Right place, right time
By Nadra Kareem, San Fernando Valley Business JournalSeptember 16, 2008
President: CLU's Chris Kimball, Ph.D., finds his background as a professor provides benefits as an administrator.
Photo: James Kaufman/San Fernando Valley Business Journal
California Lutheran University President Chris Kimball never expected to serve as administrator of an academic institution. Instead Kimball, a history buff who majored in the subject as an undergraduate and went on to earn a doctorate in history, thought he’d be teaching the subject for life. However, when an administrative position opened at Augsburg College in Minneapolis, where Kimball was employed before moving to CLU, Kimball decided to take a risk and apply for the position. Taking a chance paid off, for Kimball ultimately served in a number of administrative positions at the school, including dean and provost.
When the then-president of Augsburg resigned, though, Kimball was advised to seek employment elsewhere, which led him to apply to be CLU’s provost. As fortune would have it, after accepting the position, the president of CLU stepped down and Kimball took the second major risk of his career: He applied for the position and won it.
Now CLU’s seventh president, Kimball’s aim is to implement the Thousand Oaks institution’s seven strategic goals: recruit and retain, recruit and graduate, enhance learning, invest in facilities, generate resources, articulate the university’s identity and develop leadership at the institution.
Along those lines, Kimball plans to prioritize fundraising for the school and solidifying CLU’s reputation in the San Fernando Valley, among other areas.
Question: You came to CLU to serve as provost but ended up being president. How did that happen?
Answer: When I was asked to come as provost the then-president announced he was leaving. A couple of months later, they hired a new president, but he announced he was leaving. They did another search, but I thought, ‘I really like the place here. Perhaps I’m ready to be a candidate for president.’ Back in March, I was fortunate enough to be hired as president.
Q: Discuss your background as a professor. Does it better enable you to relate with faculty?
A: I certainly hope so. I don’t think you can fully understand what a classroom is like unless you’ve been a teacher. For me, it’s an important experience to have had.
Q: The strategic plan will be your major plan as president. Discuss the details involved in its implementation.
A: The Board of Regents of the university approved that plan. It was four years in the making. The plan in essence is designed to take CLU to the next level. One part of the plan is to continue raising the quality of the undergraduate liberal arts college, and then we have a growing number of graduates and professional programs—business and education. There, the focus is to help people work in business, work as teachers, principals, superintendents. There are some very practical steps to get us there—philanthropic support, particularly in the sciences and creative arts.
Q: Investing in facilities is another component of the strategic plan. You have an $8.5 million social and behavioral sciences building—the Swenson Center for Academic Excellence—scheduled to come online.
A: The plan is for fall of 2010. It will be the first fully green LEED-certified building in the City of Thousand Oaks. We also have a big residence hall that’s started construction—Trinity Hall. Those two are kind of in process. We’re not yet 50 years old. Classes weren’t taught until 1961, so we’re still finishing the building phase.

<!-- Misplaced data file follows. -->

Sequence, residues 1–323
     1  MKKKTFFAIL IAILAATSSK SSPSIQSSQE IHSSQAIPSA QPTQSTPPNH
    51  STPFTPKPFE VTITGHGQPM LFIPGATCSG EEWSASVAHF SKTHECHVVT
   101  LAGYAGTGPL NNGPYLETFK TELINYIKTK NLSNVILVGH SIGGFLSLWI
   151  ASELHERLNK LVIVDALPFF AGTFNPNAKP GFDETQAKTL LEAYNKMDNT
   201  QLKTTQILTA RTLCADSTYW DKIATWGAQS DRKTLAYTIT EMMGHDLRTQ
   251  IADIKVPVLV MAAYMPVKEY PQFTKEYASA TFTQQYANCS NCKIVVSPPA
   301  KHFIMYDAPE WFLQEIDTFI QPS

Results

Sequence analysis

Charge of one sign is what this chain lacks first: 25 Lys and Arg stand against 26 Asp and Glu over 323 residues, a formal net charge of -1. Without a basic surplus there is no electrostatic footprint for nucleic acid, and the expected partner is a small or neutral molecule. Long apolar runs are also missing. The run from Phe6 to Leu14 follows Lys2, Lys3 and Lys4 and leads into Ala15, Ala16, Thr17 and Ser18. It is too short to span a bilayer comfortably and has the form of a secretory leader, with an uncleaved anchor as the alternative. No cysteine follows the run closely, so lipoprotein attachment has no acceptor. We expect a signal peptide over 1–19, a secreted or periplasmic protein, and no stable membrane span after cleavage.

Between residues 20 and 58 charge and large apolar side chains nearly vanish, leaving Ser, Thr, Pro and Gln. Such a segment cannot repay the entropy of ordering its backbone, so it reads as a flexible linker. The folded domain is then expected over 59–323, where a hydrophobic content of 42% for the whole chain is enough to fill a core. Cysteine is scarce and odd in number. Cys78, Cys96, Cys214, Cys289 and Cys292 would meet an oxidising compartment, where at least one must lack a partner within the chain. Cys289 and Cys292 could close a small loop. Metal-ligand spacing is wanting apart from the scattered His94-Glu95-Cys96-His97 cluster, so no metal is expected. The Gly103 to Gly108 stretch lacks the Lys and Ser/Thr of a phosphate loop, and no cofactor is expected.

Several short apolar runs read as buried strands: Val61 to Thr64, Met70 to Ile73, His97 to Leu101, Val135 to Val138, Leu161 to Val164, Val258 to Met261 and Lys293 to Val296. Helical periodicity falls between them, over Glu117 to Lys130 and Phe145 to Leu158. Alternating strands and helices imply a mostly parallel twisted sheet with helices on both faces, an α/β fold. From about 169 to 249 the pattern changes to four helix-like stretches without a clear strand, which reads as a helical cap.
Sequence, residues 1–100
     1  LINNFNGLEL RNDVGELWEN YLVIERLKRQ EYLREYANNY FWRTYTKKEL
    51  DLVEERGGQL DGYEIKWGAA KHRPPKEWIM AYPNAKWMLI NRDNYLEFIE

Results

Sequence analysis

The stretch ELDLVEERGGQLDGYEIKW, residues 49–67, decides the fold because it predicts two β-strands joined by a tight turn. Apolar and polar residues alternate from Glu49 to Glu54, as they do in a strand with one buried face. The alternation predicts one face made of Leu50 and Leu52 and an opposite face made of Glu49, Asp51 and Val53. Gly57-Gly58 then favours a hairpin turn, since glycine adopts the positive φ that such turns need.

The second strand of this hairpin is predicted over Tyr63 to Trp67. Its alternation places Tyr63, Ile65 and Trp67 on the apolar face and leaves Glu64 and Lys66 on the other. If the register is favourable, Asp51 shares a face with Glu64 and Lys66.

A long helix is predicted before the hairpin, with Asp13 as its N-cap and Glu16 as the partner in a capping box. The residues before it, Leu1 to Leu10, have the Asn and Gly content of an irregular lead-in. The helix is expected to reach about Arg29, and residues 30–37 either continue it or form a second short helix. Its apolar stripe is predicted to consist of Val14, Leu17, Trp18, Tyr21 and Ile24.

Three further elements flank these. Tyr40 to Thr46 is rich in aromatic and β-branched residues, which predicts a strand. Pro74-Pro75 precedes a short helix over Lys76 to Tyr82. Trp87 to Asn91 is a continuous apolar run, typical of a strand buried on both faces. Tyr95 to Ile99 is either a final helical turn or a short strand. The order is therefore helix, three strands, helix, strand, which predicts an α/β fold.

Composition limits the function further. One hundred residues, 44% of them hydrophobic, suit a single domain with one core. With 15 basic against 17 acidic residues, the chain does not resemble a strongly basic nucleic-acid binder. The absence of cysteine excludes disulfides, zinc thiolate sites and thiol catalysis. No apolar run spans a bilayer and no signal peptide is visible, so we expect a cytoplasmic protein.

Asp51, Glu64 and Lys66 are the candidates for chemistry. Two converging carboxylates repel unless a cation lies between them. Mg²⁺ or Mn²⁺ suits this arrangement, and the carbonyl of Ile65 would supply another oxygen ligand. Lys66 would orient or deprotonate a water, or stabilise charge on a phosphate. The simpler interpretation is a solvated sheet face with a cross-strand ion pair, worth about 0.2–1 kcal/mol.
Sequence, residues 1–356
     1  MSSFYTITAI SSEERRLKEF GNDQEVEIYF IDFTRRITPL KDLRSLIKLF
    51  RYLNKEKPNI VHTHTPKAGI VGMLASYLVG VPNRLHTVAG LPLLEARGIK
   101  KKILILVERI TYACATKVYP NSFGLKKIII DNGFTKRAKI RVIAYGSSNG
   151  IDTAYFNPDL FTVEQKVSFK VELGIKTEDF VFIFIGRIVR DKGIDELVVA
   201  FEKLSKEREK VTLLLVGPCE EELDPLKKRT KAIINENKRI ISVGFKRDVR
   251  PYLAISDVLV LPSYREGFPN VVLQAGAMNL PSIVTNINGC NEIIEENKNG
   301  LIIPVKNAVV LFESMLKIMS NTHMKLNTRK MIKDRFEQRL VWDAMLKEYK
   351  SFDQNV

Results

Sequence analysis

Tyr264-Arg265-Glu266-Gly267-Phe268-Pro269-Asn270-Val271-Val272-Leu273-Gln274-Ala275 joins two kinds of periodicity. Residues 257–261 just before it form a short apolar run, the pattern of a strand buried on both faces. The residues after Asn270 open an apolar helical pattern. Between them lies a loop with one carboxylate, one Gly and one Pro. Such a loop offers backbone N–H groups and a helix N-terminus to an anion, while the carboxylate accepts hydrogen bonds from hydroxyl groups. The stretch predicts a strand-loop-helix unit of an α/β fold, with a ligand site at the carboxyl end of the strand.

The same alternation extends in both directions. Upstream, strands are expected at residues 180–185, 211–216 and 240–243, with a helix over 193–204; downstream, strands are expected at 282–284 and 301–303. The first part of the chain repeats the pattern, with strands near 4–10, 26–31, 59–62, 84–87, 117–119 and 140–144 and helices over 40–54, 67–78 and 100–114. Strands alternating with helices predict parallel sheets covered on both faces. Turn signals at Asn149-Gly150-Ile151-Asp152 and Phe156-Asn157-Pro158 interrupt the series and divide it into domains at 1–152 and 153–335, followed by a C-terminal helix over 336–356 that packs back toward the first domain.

Q: You’ve said that as president you’ll mostly be fundraising.
A: It’s true for college and university presidents across the country. You have to raise funds for the institution. It’s an ongoing challenge. You do that in service of the strategic plan. It’s not raising money for the sake of raising money. The president’s job is to get resources so the faculty and staff can do work they do well on behalf of students.
Q: What difficulties do you see fundraising during these rocky economic times?
A: To some extent, those changes are beyond our control. The value of stocks declining, the value of houses. One thing is for certain: Americans are affluent, and they give money to causes they believe in. The economy may be a little bit slower than it is in boom time, but, when people decide they want to step up and help CLU, they will.
Q: Is anything of note happening at CLU’s School of Business?
A: The School of Business develops hundreds of undergraduate students and MBA students to promote business development in the region. One thing that’s going to be a priority is doing more in the San Fernando Valley. We have a branch campus there in Woodland Hills. We’ve been working with the Economic Alliance.
Q: What will you be doing with the Alliance?
A: Our economic research center is a resource. We’re hoping to increase that presence in the Valley. We’ve reached out to them about partnering with them. We’d like to work with them on education programs and workforce development if we could provide research help. We’d love to be of service in that way. A lot of our students come from the Valley. In addition to that, we’d like to grow out. We do believe in outreach and developing our presence in Woodland Hills. We sit on the edge of two regions that are linked. Doing work to support economic support in the region is also part of our mission.
--- Published in the San Fernando Valley Business Journal on Sept. 15, 2008